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edt246review - Edt 246 review Importance of belief systems...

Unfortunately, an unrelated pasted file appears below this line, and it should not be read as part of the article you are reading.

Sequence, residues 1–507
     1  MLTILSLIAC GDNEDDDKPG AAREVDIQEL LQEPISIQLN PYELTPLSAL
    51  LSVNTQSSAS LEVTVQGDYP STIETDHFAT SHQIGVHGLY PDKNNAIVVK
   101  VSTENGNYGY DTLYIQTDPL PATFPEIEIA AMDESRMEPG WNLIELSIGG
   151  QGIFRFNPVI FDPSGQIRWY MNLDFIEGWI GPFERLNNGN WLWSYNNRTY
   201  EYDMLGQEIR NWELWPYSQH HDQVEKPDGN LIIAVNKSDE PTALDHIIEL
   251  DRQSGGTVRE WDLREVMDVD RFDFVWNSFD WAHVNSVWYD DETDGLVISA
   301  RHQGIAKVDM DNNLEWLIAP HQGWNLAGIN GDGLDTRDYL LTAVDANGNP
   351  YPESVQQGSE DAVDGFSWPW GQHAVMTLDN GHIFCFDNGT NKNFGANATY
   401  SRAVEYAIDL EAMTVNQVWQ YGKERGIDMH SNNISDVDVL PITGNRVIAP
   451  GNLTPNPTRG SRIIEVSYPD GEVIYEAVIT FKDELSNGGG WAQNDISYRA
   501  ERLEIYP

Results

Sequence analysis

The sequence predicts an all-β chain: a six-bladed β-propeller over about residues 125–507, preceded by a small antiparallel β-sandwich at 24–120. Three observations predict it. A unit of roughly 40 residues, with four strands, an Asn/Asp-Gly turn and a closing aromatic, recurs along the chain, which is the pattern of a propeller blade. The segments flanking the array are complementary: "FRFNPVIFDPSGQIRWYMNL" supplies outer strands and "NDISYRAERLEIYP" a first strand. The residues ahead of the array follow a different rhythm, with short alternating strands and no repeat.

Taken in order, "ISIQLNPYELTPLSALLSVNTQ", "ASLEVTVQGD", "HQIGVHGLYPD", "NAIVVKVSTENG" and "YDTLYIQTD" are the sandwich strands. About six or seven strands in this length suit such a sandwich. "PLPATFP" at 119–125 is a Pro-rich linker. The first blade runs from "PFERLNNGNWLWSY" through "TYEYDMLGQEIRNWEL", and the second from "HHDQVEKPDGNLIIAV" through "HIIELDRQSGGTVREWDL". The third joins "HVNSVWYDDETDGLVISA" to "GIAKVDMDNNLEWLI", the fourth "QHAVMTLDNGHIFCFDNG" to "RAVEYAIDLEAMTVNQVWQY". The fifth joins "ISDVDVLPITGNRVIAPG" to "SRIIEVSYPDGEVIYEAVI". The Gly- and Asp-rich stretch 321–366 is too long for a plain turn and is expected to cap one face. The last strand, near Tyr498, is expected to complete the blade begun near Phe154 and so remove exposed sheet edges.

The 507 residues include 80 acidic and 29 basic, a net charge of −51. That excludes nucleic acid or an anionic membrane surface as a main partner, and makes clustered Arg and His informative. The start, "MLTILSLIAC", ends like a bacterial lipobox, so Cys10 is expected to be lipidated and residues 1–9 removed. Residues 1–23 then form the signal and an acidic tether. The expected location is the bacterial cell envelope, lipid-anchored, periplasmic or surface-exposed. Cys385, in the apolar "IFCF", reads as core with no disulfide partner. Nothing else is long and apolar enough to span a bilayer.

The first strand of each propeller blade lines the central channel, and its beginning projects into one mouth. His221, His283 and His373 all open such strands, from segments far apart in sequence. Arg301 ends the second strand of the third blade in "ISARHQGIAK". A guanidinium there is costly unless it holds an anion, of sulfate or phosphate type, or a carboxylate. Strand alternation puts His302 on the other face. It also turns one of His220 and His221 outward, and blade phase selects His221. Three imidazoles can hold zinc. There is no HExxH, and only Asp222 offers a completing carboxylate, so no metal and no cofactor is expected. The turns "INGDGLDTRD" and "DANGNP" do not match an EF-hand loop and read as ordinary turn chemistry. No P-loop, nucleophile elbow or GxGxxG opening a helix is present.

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Edt 246 review Importance of belief systems: A belief system represents a teachers informed philosophy of reading and learning to read. What teachers believe about reading and learning to read is closely related to what they know about literacy learning and the teaching of literacy. -- different beliefs, teachers knowledge and beliefs about the nature and pur-poses of reading and the ways in which it should be taught contribute significantly to whatever decisions a teacher makes in a given situation. -- different instructional decisions, Just about every teacher weve ever talked to agrees on the main goal of reading instruc-tion: to teach children to become independent readers and learners. Differences among teachers, however, often reflect varying beliefs and instructional perspectives on how to help children achieve independence. -- reading instruction and teachers’ belief systems no 2 teachers teach reading the same way. -- A systematic instructional approach includes direct teaching and a logical instructional sequence. This structure includes ample opportunities to practice specific skills and move along a defined trajectory related to the sequencing of skills. A broader constructivist view model is focused on the needs of the individual child. In this perspective, the role of the teacher is a facilitator who helps the child negotiate text by addressing the most immedi-ate instructional needs. Teachers come to know about literacy learning (teachers knowledge about reading and learning to read) 1—personal experiences –past and present as readers and writers 2—practical experiences and knowledge of their craft as they work with and learn from children 3—professional study that allows them to develop and extend their knowledge base about teaching and learning literacy Reading from a language perspective : According to both Piaget and Vygotsky, children must be actively involved in order to grow and learn. Merely reacting to the environment isnt enough. An important mile-stone in a childs development, for example, is the ability to analyze means ends relation-ships. When this occurs, children begin to acquire the ability to use language to achieve goals. -- When teachers embrace reading as a language process, they understand the impor-tance of learning oral language but are also acutely aware that written language develops in humans along parallel lines. Psycholinguistics and reading A psycholinguistic view of reading combines a psychological understanding of the reading process with an understanding of how language works. Psycholinguistic inquiries into the reading process suggest that readers act on and interact with written language in an effort to make sense of a text. Reading is not a passive activity; it is an active thinking process that takes place behind the eyes.
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